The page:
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    I am confident that there are some poor attitude towards having women of authority in the workplace. I remember at school, boys would constantly test the patients of female teachers even when shown consequences time and time again, yet more than often they respect the authority of the male teachers, and are rarely need a 2nd command.
    Makes you wonder, do boys actually outgrow their sexism as they get older or does it become internalised in a less overt manner?
    Also prompts the question, if millennials who were raised in the alleged age of equality and tolerance, with female power icons like Katniss Everdene.... still harbour sexist attitudes. How much worse of a bias could those 40/50 year olds have, those in senior positions in the work place.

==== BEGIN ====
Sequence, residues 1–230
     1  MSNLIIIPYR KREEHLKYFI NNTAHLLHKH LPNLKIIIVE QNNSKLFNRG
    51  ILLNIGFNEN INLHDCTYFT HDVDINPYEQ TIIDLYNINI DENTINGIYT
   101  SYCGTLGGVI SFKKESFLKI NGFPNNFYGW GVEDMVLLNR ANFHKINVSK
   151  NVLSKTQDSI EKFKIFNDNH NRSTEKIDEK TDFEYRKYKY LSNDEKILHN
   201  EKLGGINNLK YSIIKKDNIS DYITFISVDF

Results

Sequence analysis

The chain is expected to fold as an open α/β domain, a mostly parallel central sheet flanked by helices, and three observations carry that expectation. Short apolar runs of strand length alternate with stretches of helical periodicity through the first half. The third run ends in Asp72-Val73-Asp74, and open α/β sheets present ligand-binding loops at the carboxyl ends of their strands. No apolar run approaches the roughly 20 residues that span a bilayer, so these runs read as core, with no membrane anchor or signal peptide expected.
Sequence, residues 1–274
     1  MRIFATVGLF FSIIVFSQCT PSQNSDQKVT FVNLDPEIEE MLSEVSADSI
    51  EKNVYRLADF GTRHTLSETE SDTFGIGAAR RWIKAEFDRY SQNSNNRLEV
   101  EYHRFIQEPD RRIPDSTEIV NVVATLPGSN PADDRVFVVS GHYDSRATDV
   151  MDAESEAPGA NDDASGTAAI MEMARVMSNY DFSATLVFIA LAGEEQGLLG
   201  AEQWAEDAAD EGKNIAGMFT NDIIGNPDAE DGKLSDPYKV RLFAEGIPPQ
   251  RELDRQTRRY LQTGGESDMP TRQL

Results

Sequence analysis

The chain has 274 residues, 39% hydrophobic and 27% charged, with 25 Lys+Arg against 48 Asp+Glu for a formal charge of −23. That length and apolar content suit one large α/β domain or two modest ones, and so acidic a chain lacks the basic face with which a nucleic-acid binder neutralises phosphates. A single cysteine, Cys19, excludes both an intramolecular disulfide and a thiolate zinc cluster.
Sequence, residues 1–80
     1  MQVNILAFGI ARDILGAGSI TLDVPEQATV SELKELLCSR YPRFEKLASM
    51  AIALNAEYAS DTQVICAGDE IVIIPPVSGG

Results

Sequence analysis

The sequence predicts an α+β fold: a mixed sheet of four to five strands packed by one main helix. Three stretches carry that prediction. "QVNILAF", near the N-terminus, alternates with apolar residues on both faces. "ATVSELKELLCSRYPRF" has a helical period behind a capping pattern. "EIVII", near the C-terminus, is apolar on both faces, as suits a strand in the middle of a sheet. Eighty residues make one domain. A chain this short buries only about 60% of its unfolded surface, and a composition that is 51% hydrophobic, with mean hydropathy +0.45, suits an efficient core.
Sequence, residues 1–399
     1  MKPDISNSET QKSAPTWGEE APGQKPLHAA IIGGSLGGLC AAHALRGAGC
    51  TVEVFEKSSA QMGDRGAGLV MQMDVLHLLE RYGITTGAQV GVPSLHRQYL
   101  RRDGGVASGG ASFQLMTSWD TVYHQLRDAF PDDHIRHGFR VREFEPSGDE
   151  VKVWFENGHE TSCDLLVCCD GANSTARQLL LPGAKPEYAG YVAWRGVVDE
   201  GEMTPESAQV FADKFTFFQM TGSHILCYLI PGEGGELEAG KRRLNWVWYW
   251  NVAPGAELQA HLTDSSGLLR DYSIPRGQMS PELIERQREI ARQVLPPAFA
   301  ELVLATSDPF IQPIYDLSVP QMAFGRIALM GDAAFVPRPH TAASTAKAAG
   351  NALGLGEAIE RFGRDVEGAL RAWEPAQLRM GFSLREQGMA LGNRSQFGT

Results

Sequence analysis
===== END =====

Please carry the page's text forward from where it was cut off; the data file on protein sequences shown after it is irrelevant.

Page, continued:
Just a little food for thought.

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    (Original post by Truths)
    I am confident that there are some poor attitude towards having women of authority in the workplace. I remember at school, boys would constantly test the patients of female teachers even when shown consequences time and time again, yet more than often they respect the authority of the male teachers, and are rarely need a 2nd command.
    Makes you wonder, do boys actually outgrow their sexism as they get older or does it become internalised in a less overt manner?
    Also prompts the question, if millennials who were raised in the alleged age of equality and tolerance, with female power icons like Katniss Everdene.... still harbour sexist attitudes. How much worse of a bias could those 40/50 year olds have, those in senior positions in the work place.